I’ve had a gig too, at Mr Wolf’s: backing Chandra Moon, and also three songs of my own - Believe, Hanging in the Air, and Fever. You can see the live video on the audio page and there will be some photos on the picture page too.
I may be playing once more this year with Chandra, and I’m also down to play something festive at the office party. And some wassailing might be on the cards at an orchard in Street. All very acoustic and traditional!
I had a big chunk of the weekend to myself: ‘An ideal opportunity to make some progress on the music’, I thought. But some niggly Technical Troubles took up a lot of my time and emotional energy and had me shouting and yelling like a proper tortured artist! In my cover of Fever, everything I recorded would vanish when I tried to edit it, though the sound file would still be there, so I’ve taken up residence in the forum of a good sound technology magazine to look for help. I also recorded a ‘beatbox’ style test track, partly inspired by a Bristolian performer I saw the other day, to try to find the problem. It might even find its way onto this site!
Fortunately, the problem’s only happening in Fever, and my Man Who Planted Trees work had more success: I found I’d already recorded a vocal and Clarke’s C whistle track, and my D whistles slowed down (by precisely -10.91% - see my last blog) perfectly. I like it a lot, and… I’m planning a pop video for it! Listen to the audio version on the AUDIO&LYRICS page.
On the web site front, I need to sort out audio on the music page. Hopefully I’ll have that done soon; I’ve got some ideas on how to do it (did I mention I’m also a web designer? See www.creativemedia.org.uk) so that page will go through some changes.
Take care y’all!
Argh! I wish I could motivate myself better: I end up just spending only an hour or two a week recording or writing, often very early in the morning. I’m adding some Low D whistle to The Man Who Planted Trees, which I’m intending to make a pop video for. Musos amongst you might notice that ‘Trees’ is actually in C, not D. So I’ve speeded up the backing track to pitch it in D, recorded the whistle, and when I’ve finished doing the mixing on the whistles track, I’ll slow it back down to C. A test recording sounded good, so I hope my efforts aren’t wasted!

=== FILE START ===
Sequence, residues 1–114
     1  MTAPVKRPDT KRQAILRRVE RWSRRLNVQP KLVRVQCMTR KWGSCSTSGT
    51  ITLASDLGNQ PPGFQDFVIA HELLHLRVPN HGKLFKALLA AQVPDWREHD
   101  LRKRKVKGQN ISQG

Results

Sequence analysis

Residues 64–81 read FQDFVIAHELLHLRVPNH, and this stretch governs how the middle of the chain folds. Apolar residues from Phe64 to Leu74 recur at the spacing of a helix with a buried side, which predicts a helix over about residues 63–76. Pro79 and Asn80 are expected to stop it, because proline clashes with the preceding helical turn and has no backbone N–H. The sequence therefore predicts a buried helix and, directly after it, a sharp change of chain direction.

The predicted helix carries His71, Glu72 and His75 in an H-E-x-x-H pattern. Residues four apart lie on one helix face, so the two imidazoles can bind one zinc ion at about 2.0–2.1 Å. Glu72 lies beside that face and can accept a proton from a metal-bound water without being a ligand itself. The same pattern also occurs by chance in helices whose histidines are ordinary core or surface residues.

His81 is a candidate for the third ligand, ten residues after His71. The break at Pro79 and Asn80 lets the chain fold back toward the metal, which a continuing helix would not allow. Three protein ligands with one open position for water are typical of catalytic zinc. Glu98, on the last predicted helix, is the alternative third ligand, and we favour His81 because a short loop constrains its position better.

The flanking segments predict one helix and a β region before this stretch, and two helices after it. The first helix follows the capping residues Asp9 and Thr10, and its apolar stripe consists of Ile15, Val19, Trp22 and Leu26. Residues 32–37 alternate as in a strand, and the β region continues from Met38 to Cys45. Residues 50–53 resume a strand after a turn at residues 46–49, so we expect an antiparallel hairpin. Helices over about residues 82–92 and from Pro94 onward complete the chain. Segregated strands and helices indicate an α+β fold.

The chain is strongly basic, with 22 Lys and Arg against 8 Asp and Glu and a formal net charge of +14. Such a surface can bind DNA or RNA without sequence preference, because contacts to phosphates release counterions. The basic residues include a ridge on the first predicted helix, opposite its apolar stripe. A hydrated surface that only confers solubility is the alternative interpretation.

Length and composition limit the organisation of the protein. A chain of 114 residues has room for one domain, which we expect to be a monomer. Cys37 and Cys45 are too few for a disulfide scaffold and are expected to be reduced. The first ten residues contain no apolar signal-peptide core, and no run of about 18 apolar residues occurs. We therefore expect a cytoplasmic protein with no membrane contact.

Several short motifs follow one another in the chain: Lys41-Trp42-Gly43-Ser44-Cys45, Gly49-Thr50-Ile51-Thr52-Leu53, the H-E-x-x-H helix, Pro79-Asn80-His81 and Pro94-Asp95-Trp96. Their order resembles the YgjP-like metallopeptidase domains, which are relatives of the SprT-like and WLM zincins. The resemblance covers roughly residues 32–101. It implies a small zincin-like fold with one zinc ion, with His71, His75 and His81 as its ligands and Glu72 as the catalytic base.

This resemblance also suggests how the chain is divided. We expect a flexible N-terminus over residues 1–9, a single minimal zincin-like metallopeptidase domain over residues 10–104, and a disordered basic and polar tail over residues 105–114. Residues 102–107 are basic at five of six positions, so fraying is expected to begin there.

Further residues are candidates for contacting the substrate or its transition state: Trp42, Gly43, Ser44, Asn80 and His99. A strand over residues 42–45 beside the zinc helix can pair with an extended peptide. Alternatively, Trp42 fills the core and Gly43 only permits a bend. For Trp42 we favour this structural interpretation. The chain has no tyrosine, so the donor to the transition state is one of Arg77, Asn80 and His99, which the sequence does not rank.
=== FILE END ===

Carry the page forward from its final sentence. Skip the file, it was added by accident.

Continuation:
I’m also planning to film a “studio tour”, though all this web stuff on top of the music feels a bit overwhelming!
I’m still working with Chandra Moon, and now we also have Barry on an interesting electro-acoustic stand-up bass. And I’ve done my first set of my own material, with flute and guitar from Chandra, at a gig in the Café Delight. It went well enough for me to plan for more.
The studio has had a massive re-arrangement, involving some scavenging and my only (so far) IKEA trip: I got tired of trying to get the PC quiet enough to enable me to use a microphone in the same room, other techniques using different recording devices seemed too time-consuming and complicated, as did moving myself and the mic out of the room in order to record. So, a fortuitous find of a thrown-away TV/video unit on wheels saw me splashing out on a mile of wires, and now the PC rolls out of the room whenever I need to record. And a new bed to put it under.
The first time I used it, I found the vital MIDI connection between the computer and the instruments had failed, and I totally despaired! After a bit of screaming and shouting (and double-checking) I found where the wires had come unplugged, and everything was fine!
I’ve also converted my spare bed, with the help of an IKEA unit and a thrown-away bedstead from across the road, into a dizzying 6 foot high platform bed with lots of storage space for equipment boxes underneath. When I sleep on it, I’m always afraid it’s going to crack and I’ll plummet to my doom!
Musically, I've discovered the band Frou Frou and Imogen Heap. After initially assuming it was a musician-plus-girl type of setup, I was impressed to find that she, like me, is a do-everything-yourself type of musician, writing music in a similar genre to mine. Part of me wonders whether I could have done what she has if I’d taken the risk of being a full time musician, but I think it wouldn’t have suited me and I’m probably best off doing what I do. I am very envious of her sound-making/tweaking skills and patience, which I’ve given up trying to emulate. The talents aren’t wasted on her, and I’ll just stick with doing what I’m good at!
The rest of summer 2007 was spent on a project that didn’t work out, but now I’ve got in touch with singer-songwriter Chandra Moon. A long-time drummer and flautist, she’s discovered she can write songs and has decided to make a full-on album! For the launch, she needed a guitarist, but I persuaded her a keyboardist would be better. So I’m going to be doing some gigs and the big launch event with her. She’s also interested in playing some backing on some of the material I wrote for LittleMy.